Saturday, January 9, 2010

Big Ragu Thinks about "Dead Poets Society."

In the motion picture “Dead Poets Society,” starring Robin Williams there is presented an interesting yet unrealistic view of teaching method and style. Williams’ character, Mr. Keating possesses some of the qualities of a good teacher, but far more that are not in harmony with modern pedagogical thought. We must be aware however, that his method of “teaching” is his undoing and results indirectly in the suicide of a student. In real life this method of teaching could only be used as an introduction to a teaching unit rather than a daily diet of non- conformity. This style should be seen as a disruption of any school system public or private. Some of the good approaches used by Keating could also serve as a learning experience for new teachers. The response of the students to Mr. Keating’s style and method are predictable and very realistic. Students react favorably to individual thought and the idea of a “renegade teacher.”

Mr. Keating encourages non-conformist behavior and recklessness in his approach to classroom control and teaching methodology. The idea that only through non-conformity and “Carpe Diem,” are able to discover themselves and the classroom materials is ineffective in the real world. Hollywood’s portrayal of the “good teacher” is often rooted in what we as adults wished our teachers in high school and college could have been. Keating encourages his students to act disrespectfully and make immature decisions. Why should he be surprised when in the course of the film when one of them actually does an act of vandalism? Does he really believe that a person of this age with limited reasoning capabilities could discern such an act?

These images in the film are stereotyped, but there are some good things that Keating does. The good thing about Keating's classroom technique is the way he sees through his students defenses and helps them to learn by breaking down barriers. In real life what would make him a valuable teacher. But Keating's ideas represent something very much like “The "American Scholar" and Emersonian thought. These ideas fit the teaching style of Mr. Keating. Ralph Waldo Emerson believed, “The scholar's education consists of three pursuits. Investigate and understand nature, which includes the scholar's own mind and person. Take action -- interact with the world; do not become the recluse thinker commenting from afar. The scholar's duty or "office" is to "cheer, to raise, and to guide men by showing them facts amidst appearances” . The individualism by which Keating treats his students is a good trait for a new educator to develop. His concern for the quiet students gets the quickly involved.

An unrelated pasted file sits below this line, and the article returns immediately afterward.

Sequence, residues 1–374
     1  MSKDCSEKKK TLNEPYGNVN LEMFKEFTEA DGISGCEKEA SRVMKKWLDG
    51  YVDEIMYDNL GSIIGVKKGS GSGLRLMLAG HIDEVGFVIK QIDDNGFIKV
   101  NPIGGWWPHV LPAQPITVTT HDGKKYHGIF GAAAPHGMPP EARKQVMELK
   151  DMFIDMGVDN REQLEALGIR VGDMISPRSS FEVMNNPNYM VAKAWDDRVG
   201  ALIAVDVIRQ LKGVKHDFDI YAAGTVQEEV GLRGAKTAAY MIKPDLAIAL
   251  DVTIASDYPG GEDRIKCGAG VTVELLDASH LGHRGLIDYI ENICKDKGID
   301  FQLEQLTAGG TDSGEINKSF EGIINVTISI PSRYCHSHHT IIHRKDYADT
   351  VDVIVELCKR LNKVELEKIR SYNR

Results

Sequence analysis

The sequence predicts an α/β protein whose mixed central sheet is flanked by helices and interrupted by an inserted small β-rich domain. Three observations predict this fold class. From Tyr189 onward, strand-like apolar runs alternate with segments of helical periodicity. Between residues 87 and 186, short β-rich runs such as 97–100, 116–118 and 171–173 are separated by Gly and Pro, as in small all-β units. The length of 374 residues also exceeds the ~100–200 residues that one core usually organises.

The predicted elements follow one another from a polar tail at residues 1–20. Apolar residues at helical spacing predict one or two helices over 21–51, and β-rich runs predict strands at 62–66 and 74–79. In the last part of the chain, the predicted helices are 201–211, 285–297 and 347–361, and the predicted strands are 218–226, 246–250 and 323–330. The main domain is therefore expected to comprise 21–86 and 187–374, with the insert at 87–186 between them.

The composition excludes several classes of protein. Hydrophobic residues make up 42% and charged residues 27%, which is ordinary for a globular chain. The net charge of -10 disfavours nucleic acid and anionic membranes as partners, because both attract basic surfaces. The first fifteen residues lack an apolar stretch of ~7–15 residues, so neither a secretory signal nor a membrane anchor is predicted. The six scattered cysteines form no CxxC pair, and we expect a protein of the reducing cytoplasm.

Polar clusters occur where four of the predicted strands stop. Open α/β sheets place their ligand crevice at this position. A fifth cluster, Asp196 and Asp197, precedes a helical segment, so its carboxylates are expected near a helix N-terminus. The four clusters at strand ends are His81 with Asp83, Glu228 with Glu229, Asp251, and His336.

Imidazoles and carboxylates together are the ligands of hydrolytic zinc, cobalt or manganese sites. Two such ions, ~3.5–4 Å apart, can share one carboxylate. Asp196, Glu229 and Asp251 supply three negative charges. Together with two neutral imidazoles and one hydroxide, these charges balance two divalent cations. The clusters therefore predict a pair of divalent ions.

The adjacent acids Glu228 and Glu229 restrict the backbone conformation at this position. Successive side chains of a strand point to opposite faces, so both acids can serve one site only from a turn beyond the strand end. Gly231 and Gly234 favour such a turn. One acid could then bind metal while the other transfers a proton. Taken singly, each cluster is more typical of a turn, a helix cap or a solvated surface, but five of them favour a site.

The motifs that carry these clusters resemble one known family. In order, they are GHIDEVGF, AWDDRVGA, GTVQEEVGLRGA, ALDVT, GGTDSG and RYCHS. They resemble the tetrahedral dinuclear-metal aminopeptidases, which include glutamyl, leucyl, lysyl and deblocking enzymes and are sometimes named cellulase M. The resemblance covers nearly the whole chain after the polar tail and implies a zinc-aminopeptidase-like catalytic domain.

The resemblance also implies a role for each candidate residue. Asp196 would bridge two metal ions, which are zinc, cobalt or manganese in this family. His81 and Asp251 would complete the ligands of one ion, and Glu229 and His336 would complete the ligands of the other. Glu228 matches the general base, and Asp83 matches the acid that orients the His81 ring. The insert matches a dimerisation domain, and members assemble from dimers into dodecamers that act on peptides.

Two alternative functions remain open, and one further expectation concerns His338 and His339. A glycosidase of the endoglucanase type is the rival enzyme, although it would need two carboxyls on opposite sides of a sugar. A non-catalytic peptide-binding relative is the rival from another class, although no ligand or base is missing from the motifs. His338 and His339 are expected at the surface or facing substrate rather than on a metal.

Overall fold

Among all of the good and the bad the fact that cannot be changed is that a student committed suicide as a result of inspiration from Mr. Keating. We are jolted out of romantic thought and remember reality and its consequences.

I taught vocational school for fifteen years in a medical, allied health program and tried to incorporate naively, some of the methods employed by John Keating in “Dead Poets Society.” I discovered that standing on desks can get you sued, if someone falls. I found out that if you manipulate a cookie cutter curriculum, it could get a teacher fired from a vocational school. I discovered that if you are the favorite teacher because of unorthodox methods, your colleagues might dislike you for it. I uncovered the fact that students may take advantage of a teacher with different teaching methods and actually not learn the material and have fun doing so.

The film portrays the student’s response to their new teacher as helping to breathe new life into a dying curriculum and teaching methods. They embrace it as a fresh breath of change in their otherwise stuffy school atmosphere. The characters in the film want to improve their lives and follow John Keating’s advice by “seizing the day.”

In the motion picture “Dead Poets Society,” starring Robin Williams, his character Mr. Keating possesses both good and poor qualities found in real life teachers.


No comments:

Post a Comment